Overeating remains largely unaddressed


Melanie Mnirajd

Substitutions for poor food choices.

Melanie Mnirajd, Design Editor

Compulsive eating is often overlooked as a form of addiction since there are no issues of legality, but it’s more common than it’s given credit for.

“Food addiction occurs when someone can’t stop eating a certain food, even if they know it is not good for them,” nutrition and wellness teacher Megan O’Boyle said. “It is not something that is easily controlled.”

Up to 20 percent of people may suffer from food addiction or addictive-like eating behavior, according to a study using the Yale Food Addiction Scale. Adults older than 35, females and overweight people were more likely to be diagnosed with food issues.

“I see many students that constantly eat foods like Hot Cheetos, or drink a venti vanilla bean frappuccino every morning,” O’Boyle said. “They know those foods aren’t good for them, but they don’t care.”

People that eat processed food or foods high in sugar or fat are more susceptible to developing a food addiction, according to Healthline.com.  The brain secretes a chemical called dopamine, a “feel-good” chemical, when eating food, but it secretes even more when eating foods high in sugar or fat. It then seeks more of the “feel-good” chemical by causing cravings for those foods high in sugar or fat, leading to a food addiction.

“Food has kind of become a reward/punishment system for me,” junior Aylea Cole said. “So if I’m struggling personally, my eating habits impact that. I get into routines where I feel like I’m obligated to eat a specific food at a specific time each day.”

Mood can affect whether one has cravings for those addictive foods.

“How much I eat really depends on how I’m feeling at the time,” Cole said. “For example, if it is one of the days that I’m binging lunch, then I’ll eat one packet of Pop-Tarts, a handful of chocolate and, if I’m at work, a handful of marshmallows and gummy worms and a big bowl of chips. However, if I’m not eating a lot, then I’ll eat relatively nothing that day.”

Being a compulsive eater may seem like no big deal right now, but in the long run, it can have serious negative effects.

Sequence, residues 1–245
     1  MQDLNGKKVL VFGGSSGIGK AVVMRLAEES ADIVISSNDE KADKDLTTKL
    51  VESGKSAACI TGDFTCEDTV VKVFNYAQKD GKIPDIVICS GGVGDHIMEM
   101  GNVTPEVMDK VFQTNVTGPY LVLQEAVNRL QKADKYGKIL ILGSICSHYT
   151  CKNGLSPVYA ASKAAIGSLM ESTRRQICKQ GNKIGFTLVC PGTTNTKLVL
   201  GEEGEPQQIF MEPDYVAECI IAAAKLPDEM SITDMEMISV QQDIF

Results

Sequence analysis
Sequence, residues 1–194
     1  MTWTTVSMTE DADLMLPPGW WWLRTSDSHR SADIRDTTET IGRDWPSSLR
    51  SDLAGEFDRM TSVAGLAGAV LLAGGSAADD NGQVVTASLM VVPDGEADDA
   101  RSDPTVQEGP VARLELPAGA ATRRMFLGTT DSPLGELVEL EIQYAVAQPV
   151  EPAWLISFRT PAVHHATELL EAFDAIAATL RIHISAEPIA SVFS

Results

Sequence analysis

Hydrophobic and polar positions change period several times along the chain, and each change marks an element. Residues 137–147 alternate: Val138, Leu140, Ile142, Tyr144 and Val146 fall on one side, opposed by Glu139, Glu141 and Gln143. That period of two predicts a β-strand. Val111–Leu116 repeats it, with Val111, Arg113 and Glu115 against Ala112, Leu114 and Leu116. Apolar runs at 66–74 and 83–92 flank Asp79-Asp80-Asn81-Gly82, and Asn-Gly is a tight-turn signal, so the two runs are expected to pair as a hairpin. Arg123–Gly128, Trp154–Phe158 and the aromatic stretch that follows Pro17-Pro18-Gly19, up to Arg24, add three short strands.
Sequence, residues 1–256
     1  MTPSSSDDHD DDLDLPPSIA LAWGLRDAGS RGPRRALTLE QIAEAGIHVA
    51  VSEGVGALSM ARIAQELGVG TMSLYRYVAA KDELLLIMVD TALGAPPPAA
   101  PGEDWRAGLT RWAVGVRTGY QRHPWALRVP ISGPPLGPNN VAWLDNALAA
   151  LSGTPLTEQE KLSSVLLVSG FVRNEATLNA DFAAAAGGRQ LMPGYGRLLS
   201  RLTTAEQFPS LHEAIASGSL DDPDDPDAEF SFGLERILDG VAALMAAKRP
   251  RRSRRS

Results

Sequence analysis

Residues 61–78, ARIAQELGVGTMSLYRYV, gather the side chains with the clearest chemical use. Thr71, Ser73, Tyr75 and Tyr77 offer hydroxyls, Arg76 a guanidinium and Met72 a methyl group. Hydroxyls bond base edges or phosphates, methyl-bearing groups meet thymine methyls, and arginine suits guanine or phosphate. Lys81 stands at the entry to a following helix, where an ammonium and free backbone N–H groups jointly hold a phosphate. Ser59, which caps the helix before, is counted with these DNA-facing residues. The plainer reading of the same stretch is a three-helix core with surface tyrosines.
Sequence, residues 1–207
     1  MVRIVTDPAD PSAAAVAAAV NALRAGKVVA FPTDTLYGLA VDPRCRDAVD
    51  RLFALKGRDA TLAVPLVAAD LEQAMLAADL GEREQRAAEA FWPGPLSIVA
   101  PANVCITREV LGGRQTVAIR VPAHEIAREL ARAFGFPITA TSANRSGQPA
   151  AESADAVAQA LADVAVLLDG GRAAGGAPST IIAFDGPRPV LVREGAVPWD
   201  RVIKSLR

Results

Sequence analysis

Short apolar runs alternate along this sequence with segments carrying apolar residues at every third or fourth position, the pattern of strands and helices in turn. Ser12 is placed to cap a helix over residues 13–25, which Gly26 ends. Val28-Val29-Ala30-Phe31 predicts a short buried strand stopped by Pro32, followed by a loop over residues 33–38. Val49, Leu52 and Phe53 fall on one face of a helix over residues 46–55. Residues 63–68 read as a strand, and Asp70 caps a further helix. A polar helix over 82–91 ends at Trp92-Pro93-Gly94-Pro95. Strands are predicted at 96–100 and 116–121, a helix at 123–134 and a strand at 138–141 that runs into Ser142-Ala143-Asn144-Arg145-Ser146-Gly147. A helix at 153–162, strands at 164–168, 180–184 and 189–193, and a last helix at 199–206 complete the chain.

“Diets high in salt, sugar and caffeine are very common, but definitely not the best diet for your body,” O’Boyle said. “Over time, it can lead to weight gain among many other things.”

Freshman Alora Jones, who drinks two to five sodas a day, acknowledges the effects of her soda-drinking habit.

“It has had negative effects on my overall health,” Jones said. “It has caused weight gain.”

Freshman Anni Smith, who eats half a bag of chips five times a week on average, also recognizes the effects of her unhealthy relationship with junk food.

“I’ve been around junk food more, and I’m planning on changing this method soon,” Smith said. “It isn’t good to eat unhealthy. I just need to slowly go down on portions with junk food or any food, I guess.”

Changing diets is key to breaking a food addiction, but not every diet is healthy. Diets that include eating high-fat foods, such as the ketogenic diet or the Atkins diet, can increase risk of blood poisoning, according to a study by Dr. Brooke Napier of Portland State University. The Paleo diet, which involves eating foods that existed in the Stone Age, can result in nutrition deficiency since dairy and grains are not included. Strict diets can also lead to developing an addiction to not eating food or an eating disorder such as anorexia or bulimia.

Instead, experts recommend finding healthier alternatives for addictive foods.

“Try to replace it with a healthier version of the food,” O’Boyle said. “It rarely works to completely cut it out cold turkey. For example, if you love potato chips, maybe try apple chips, veggie straws or banana chips that have a similar crunch and texture of a potato chip.”